In order to effectively evaluate the effectiveness of involving only retail travel agencies instead of a combination of travel agencies and tour operators, one must first examine what constitutes a tour operator and a travel agency: Tour operators are businesses that specialize in manufacturing and selling holiday travel packages for large groups. Due to the fact that tour operators operate by booking hotel rooms and creating packages in advance of the consumption date, they cannot cater to the business segment and therefore focus on the leisure market. This is because business travelers require flexible itineraries on short notice, which cannot be provided by tour operators for reasons just explained. Thus, a tour operator makes profit by selling in large numbers, and is therefore considered a wholesaler. In order to make the packages attractive to customers, tour operators are given discounted hotel room rates that may then be combined with aspects such as flights, transportation and food. These packages are kept at as low a cost as possible in order to maintain this attractiveness. Once the package has been created, it is then sold according to demand to hospitality retailers such as travel agents.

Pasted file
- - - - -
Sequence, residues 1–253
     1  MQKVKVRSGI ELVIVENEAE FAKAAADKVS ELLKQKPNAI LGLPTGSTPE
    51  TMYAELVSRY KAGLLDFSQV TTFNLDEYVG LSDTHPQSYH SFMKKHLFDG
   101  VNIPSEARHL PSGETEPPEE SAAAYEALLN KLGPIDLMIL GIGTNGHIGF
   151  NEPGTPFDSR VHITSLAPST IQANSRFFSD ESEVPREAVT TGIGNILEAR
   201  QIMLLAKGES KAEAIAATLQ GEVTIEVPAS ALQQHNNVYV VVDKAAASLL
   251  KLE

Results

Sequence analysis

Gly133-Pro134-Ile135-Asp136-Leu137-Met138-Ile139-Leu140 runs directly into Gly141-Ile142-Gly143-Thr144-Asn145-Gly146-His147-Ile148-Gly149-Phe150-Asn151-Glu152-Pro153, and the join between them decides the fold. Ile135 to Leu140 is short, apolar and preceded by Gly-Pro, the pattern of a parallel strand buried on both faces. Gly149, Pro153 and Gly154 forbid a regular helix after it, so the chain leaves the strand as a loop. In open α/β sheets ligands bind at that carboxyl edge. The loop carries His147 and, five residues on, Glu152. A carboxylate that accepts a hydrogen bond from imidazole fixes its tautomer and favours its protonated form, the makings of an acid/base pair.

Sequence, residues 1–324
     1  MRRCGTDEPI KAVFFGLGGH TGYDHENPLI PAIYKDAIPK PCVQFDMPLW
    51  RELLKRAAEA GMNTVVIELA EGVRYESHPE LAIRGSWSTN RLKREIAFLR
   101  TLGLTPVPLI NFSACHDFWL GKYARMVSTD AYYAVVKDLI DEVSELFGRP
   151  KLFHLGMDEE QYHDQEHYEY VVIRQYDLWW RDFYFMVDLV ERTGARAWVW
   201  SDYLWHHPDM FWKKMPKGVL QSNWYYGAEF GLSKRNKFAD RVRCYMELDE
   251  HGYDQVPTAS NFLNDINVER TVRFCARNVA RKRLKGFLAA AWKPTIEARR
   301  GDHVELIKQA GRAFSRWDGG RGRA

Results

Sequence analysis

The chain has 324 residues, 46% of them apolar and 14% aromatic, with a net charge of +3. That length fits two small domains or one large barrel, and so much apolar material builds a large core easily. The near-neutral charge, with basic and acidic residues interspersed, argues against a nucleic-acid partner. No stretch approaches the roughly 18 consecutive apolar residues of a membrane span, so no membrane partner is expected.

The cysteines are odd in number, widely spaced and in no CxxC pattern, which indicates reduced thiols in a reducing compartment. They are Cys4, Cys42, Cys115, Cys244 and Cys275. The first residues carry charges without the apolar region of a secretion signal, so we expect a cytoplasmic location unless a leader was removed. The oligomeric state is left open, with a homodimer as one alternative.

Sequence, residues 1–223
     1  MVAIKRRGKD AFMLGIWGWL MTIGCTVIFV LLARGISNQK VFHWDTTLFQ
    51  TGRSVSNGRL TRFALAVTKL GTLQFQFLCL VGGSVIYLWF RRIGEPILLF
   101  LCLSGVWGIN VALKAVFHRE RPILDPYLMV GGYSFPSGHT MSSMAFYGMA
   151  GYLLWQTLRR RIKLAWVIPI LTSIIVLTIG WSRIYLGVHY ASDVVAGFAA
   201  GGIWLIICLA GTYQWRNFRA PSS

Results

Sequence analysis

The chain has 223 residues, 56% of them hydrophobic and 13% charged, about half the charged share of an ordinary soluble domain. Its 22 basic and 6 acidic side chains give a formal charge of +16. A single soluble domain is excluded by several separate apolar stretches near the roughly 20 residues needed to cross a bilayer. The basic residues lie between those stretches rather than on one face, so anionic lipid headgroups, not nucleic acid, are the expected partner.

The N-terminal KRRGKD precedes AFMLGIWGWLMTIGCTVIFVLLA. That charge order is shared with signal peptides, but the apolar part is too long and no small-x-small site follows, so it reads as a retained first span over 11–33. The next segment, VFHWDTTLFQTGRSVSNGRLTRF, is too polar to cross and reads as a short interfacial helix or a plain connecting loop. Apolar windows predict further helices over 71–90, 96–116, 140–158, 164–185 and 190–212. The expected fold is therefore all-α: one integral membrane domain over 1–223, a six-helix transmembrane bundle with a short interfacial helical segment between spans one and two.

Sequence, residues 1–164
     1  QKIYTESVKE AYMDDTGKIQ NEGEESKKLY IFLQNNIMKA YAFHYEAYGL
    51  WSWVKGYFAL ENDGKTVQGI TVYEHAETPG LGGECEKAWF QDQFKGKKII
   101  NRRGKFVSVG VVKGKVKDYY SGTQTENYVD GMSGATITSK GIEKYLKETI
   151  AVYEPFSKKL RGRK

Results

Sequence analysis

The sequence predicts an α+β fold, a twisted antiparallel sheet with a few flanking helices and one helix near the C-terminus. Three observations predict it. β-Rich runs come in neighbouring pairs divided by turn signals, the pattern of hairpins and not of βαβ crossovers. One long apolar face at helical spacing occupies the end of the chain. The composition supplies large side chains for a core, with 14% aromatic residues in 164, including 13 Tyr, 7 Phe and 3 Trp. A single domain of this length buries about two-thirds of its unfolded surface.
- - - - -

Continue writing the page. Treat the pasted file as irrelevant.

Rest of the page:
A travel agency is a business that sells a wide range of hospitality related products and services to end-user customers on behalf of third party travel suppliers. Travel agencies are without their own product, and tailor the packages offered by producers to the needs of the consumer. They are arguably more impartial to offer something to suit the traveler as they are independent agencies. They retail to consumers on an individual basis. Thus, they are considered intermediaries in the hospitality distribution channel and are responsible for bringing customers to a product (as opposed to intermediaries in other channels who bring the product to the customer).
In a distribution channel that involves only a retail travel agency, the hotel will pay a fixed...
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